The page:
The main meal started and we all chose to order a la carte rather than opt for one of the many tasting menus (going from a vegetarian option at the price of somewhere around 50 Euros to the chef's choice at 145 Euros) which just seemed to be too much in the heat. The starters were SEARED SEA SCALLOPS on a salad with a zingy GINGER & PINK PEPPER dressing, GLAZED QUAILS and their EGGS, my refreshing and light Carpaccio of SICILIAN RED PRAWNS with Seasonal Vegetables and the largest chunk of FOIE GRAS I have ever seen on a plate with MELON SOUP, PINEAPPLE & PISTACHIO that there seemed to be enough of for everyone to share multiple bites of.

The pasta courses were enjoyable, but not truly revelations as I would have hoped. Will's RABBIT RAGU (I forget on what type of pasta) was the lightest ragout I have ever tasted, and actually was quite nice for the summer, the HOME MADE TAGLIOLINI with a light creamy sauce of SEA URCHIN & TOASTED ALMONDS was also good, but needed some zing, perhaps a small piece of fresh sea urchin or a touch of caviar. The heaviest was the BASIL & POTATO GNOCCHI with EGGPLANT MOUSSE, TOMATO & Smoked Cheese, which was amazing, but just to rich for me. Our friend, Mel could not stop raving. We did notice that while Hostaria sports a Michelin star and the staff is kind, helpful and courteous; they seemed to be a bit rushed and busy at times (perhaps someone didn't show up for work?) and they often cleared the plates haphazardly and not at the same time (a pet peeve I find bothersome). The worst offense, however, was the men's room that clearly needed cleaning despite its adorable risque prints on the wall.

We all gave in and ordered the highly recommended by Roberto VEAL "ROSSINI" di Gualtiero Marchese which had a filet topped with a large piece of foie gras (from Perigord in France) and a magnificent nose of Italian BLACK SUMMER TRUFFLES as the four plates wafted towards us. A small dish on the side held some yummy spinach with raisins and pine nuts that we wished there was more of. The meat was perfection, but it was the truffles that made it "over-the-top we are all very happy now campers." Luciano suggested and amazing 2004 MONTEPULCIANO d'ABRUZZO "Aldiano" from Cantina Tollo that was simply perfect with the food and as I said to our adorable assistant server "It's bigger than what I expected" which Mel responded, "It's what we pray for." Now giggle a lot, but it was so funny, because this drop dead gorgeous guy spoke a halting English and clearly could not understand the innuendos, but we were all so happy it did not matter.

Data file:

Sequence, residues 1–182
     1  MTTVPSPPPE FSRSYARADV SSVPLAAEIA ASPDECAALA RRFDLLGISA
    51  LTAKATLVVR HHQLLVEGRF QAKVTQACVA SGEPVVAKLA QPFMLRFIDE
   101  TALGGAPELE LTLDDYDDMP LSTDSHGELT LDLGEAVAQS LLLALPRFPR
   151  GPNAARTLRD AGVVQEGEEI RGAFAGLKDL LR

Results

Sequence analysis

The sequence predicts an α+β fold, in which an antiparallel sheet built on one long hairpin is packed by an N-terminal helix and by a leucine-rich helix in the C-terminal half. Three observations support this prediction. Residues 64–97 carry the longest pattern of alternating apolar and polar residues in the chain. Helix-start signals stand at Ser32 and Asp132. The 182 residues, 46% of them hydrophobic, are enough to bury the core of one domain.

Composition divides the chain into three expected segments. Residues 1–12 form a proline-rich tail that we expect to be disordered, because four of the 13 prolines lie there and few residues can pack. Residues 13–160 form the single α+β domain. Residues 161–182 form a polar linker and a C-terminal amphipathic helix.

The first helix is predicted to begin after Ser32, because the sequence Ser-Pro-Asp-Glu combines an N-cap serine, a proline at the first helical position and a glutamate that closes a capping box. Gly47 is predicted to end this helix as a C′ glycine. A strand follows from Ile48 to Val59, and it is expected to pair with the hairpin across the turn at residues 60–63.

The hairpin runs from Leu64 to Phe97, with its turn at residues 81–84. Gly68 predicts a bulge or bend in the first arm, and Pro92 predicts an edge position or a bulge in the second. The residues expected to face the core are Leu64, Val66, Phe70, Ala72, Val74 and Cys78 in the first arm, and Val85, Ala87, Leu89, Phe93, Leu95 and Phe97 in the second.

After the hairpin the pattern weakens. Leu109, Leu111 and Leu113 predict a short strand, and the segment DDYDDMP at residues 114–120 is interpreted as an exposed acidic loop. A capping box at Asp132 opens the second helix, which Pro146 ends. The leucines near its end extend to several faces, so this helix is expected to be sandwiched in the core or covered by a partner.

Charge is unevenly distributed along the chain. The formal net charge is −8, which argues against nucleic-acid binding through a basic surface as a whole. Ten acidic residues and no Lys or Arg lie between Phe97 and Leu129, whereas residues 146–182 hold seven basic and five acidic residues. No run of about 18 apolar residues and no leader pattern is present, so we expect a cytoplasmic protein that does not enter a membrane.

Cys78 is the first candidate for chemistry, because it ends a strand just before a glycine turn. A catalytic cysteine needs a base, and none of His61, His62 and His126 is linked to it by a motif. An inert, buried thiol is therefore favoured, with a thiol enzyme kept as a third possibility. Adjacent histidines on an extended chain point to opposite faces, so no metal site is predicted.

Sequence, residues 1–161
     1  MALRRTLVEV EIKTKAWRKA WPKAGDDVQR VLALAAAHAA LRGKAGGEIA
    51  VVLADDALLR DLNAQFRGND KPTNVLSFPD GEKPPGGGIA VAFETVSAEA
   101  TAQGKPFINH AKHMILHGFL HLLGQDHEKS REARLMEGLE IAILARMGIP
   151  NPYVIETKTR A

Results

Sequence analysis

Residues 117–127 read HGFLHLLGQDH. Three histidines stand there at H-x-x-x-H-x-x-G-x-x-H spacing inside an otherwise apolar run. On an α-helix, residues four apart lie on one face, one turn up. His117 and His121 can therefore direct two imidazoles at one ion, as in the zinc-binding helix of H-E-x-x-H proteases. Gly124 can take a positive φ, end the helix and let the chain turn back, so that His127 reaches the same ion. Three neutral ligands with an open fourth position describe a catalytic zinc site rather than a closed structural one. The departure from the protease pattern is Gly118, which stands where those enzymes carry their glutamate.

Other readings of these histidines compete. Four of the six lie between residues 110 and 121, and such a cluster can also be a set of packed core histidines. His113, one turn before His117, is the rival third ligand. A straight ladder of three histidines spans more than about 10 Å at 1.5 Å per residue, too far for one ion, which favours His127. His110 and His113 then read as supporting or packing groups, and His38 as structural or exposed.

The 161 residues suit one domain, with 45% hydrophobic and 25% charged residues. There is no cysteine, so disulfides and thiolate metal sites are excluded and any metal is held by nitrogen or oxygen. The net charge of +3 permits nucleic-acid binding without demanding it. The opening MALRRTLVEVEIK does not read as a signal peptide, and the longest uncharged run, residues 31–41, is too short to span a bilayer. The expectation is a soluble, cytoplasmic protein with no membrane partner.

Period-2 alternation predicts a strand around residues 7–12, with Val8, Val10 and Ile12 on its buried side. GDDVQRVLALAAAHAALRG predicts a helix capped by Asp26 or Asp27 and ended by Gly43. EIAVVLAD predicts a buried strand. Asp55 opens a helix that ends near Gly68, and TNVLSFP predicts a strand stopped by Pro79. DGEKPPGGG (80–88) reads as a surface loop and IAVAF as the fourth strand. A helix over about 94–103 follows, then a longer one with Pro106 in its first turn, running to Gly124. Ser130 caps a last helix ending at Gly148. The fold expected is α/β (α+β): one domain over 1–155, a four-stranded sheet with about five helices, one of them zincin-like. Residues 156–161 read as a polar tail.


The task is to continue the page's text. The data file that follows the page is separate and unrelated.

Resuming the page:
After a nice break (everything was served at perfect intervals) we opted to share a cheese plate which came with a nice TALLEGIO,an UBRIACO from Tuscany that packed a small bite, a boring TOMINO (I was told also spelled Tommino sometimes) from Trentino on the Adriatic north of Venice and crumbly tasty PARMEGGIANO REGGIANO and one of the best GORGONZOLA's I have ever had that was mild yet so rich and creamy it resembled a French triple-creme. Four fresh fruit sauce accompanied the cheeses. Luciano again recommended a perfect dessert wine in a TERRE die CHIETI PASSITO 2004 from Tollo in Abruzzo that I would enjoy
after any meal because it is sweet, yet not too intense (especially in the heat, which still was strong at almost midnight!).

The desserts were a wonderful MEDITERRANEAN CHOCOLATE (it was dark, yet not bitter or intense) and TOMATO JAM CUSTARD CREAM with Balsamic Vinegar that got stars just for the jam itself. A LEMON TARTKET with WILD BERRIES, LIME JELLY and Meringue and some creamy flavor-filled homemade gelati. The mignardises were promptly finished by the four of us and included a spoon of SPICY GUAVA Gelled Fruit, a boring chocolate cup with cream, a superb BABA Au RHUM (which Roberto told us originated in Naples), but the piece de resistance was a small bar of CHOCOLATE covered in COCONUT that I saved for last and made me feel that while the meal was perhaps not all perfect, there were so many sweet moments, the overall experience was a truly great start to a month abroad with two great friends, Juan & Mel.

Incidentally, after dinner Roberto gave us a quick tour of the gorgeous upstairs dining room which has original frescoes and some amazing original wood beam ceilings from the 15th and 14th century.